As a fellow introvert, I read your blog post with interest. I can socialize when I want to. But I find being around people all the time stressful. Sometimes just venturing into large groups pushes me out of my comfort zone. But I agree that engaging in more adventurous activities helps you get comfortable a little more when out of your comfort zone. I think that time bounded group activities help for me. I would not do a large group tour for weeks. But a group tour for a day works ok! And I never worry what people think when I head off on my own because I need it.
That’s great, Linda. Same with me — I wouldn’t mind going on day tours with a group of people, it’s actually quite refreshing after traveling solo for some time, just as long as I’m not stuck with them for days! I think 2 nights is the maximum amount of time I can spend traveling in a group before my social quota runs out. Haha.
I’m introverted as well and love traveling solo. You’re right, it’s a no-brainer. It’s been pretty easy to meet people when traveling solo because extroverted couples usually reach out because they can’t fathom why someone is traveling solo and think I’m lonely. I’ll have to remember to reach out to you the next time I’m in Kaula Lumpur.
Oh, please do, Debra! It’s always lovely to meet other travel bloggers, especially if they are also solo travelers. 🙂 I find it easy to meet people too when I travel, especially as I tend to either stay in hostels or Couchsurf. And when I feel like I’ve maxed out on my social quota, I can always choose to get a private room instead.
This is such a great article for introverts! It’s funny cause my partner who I travel with, is an introvert while I’m more of an extrovert. And I can definitely see some of the things you’ve said here projecting into him. It’s a nice balance from me being more sociable and outgoing, while him grounding me and making me appreciate “quiet time.”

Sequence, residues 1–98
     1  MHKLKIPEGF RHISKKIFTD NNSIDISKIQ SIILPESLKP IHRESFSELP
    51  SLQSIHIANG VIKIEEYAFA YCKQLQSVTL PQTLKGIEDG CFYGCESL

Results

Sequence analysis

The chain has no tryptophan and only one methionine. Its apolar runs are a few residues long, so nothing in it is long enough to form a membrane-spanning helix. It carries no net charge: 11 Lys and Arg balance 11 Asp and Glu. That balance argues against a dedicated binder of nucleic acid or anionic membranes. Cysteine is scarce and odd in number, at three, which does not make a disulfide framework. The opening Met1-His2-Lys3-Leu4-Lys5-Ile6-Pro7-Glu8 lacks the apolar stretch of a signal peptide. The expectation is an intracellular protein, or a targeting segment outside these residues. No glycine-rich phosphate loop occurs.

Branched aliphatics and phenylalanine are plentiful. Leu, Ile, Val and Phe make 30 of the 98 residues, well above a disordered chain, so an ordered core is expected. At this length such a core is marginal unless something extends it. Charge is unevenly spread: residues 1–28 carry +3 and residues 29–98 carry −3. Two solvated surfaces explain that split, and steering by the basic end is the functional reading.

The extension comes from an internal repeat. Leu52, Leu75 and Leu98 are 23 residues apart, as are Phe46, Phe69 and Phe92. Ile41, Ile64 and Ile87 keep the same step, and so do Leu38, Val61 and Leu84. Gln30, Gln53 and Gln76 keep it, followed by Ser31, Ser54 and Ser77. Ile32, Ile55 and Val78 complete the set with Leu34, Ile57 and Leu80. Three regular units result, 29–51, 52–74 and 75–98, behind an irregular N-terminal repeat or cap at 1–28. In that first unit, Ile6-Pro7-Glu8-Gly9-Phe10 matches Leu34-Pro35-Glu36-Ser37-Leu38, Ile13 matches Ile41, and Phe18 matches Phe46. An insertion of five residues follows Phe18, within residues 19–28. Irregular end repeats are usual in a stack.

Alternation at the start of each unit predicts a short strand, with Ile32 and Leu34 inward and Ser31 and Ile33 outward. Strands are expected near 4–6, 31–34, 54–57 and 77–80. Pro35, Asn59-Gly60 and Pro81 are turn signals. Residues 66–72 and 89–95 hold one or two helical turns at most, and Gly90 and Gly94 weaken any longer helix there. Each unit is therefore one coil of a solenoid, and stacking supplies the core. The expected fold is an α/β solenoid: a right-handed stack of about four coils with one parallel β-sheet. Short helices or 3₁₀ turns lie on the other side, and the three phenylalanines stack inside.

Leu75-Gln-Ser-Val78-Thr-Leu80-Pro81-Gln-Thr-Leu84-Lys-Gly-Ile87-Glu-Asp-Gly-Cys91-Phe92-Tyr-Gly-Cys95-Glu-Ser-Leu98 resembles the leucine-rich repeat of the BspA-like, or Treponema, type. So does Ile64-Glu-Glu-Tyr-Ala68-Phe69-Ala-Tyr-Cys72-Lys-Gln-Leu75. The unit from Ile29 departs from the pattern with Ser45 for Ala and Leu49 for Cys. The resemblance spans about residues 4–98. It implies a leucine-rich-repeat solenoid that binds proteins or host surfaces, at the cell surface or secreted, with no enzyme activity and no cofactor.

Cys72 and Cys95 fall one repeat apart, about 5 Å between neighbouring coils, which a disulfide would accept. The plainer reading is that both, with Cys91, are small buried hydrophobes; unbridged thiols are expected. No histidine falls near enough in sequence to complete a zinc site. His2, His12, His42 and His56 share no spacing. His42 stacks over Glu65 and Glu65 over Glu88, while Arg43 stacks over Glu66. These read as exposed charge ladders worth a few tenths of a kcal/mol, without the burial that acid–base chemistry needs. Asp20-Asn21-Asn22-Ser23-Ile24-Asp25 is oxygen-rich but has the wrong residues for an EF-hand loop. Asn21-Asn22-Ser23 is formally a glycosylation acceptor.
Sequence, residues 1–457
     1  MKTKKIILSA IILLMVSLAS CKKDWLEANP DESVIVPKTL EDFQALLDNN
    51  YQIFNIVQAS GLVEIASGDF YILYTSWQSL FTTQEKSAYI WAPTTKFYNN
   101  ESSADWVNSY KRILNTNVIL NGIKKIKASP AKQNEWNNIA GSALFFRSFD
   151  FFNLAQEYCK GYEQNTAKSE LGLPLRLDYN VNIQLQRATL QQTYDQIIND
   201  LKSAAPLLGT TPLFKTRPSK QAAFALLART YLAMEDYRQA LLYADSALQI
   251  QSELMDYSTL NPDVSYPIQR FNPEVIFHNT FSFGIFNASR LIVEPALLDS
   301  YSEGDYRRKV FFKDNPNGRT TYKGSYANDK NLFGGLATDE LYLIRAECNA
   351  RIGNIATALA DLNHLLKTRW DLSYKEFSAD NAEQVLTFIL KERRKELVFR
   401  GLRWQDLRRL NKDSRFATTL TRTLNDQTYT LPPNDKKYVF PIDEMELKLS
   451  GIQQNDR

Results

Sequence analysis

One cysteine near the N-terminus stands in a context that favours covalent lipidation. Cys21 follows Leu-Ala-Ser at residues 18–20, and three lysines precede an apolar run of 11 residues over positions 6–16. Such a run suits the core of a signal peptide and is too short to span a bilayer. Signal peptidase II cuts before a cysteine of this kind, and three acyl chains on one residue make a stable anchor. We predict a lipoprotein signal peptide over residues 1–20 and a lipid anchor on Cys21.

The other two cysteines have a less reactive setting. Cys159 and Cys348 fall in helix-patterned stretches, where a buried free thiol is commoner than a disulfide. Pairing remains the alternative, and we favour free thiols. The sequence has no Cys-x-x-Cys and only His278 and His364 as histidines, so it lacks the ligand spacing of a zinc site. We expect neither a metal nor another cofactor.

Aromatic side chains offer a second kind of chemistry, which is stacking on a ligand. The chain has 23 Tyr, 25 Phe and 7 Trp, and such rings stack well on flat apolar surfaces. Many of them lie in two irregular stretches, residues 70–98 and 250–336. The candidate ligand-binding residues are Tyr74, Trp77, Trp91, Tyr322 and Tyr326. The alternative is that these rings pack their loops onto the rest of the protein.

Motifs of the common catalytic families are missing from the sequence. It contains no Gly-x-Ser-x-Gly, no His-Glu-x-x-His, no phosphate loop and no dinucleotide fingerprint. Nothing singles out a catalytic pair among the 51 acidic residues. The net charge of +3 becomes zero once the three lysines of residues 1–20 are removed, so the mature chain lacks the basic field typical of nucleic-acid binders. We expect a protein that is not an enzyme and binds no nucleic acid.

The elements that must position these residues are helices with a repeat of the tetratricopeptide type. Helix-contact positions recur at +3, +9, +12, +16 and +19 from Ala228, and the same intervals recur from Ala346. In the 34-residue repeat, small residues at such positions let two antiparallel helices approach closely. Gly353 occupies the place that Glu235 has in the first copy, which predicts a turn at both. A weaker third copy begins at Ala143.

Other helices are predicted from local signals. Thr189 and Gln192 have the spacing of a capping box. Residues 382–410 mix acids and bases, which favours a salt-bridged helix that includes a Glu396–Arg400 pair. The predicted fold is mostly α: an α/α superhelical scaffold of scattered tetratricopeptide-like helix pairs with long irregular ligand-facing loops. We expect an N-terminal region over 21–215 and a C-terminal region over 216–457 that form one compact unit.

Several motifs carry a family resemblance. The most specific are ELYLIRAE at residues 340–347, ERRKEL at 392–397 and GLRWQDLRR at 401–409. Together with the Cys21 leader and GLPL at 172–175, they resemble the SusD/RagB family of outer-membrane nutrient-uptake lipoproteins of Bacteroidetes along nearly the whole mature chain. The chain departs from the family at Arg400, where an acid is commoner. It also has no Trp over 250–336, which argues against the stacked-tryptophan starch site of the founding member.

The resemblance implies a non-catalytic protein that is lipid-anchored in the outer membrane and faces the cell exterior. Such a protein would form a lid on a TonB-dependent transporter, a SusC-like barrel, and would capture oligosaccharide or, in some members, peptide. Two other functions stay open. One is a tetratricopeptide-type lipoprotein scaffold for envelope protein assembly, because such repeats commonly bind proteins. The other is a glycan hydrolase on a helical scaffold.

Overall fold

Thank you for sharing, Marielle! Sounds like you and your partner complement each other perfectly. And I’m glad that you’ve also learned to appreciate some “quiet time”. My partner and I are both introverted in our own ways. I like being alone as much as possible but I don’t really have a problem talking to strangers or making new friends. My partner, on the other hand, don’t like being alone but is more shy in social situations.
I can very much relate to your post Ummi because I am an introvert myself and although I used to travel only with my (now ex) husband earlier, the moment I started to travel solo, I realized how liberating it is! I love it so much that I’d rather travel solo than with a group of friends. I do not mind dining alone at all, and getting bored is never a fear for me! I agree about getting out of your comfort zone though, like making friends while you travel or talk to locals/ other travellers.
Oh, that’s amazing, Medha! Thank you for sharing your story. I’m so glad that you tried solo traveling and loved it. I think it’s something that everyone should try at least once in their lifetime, especially if they’re introverts like us. Like you said, it’s so liberating!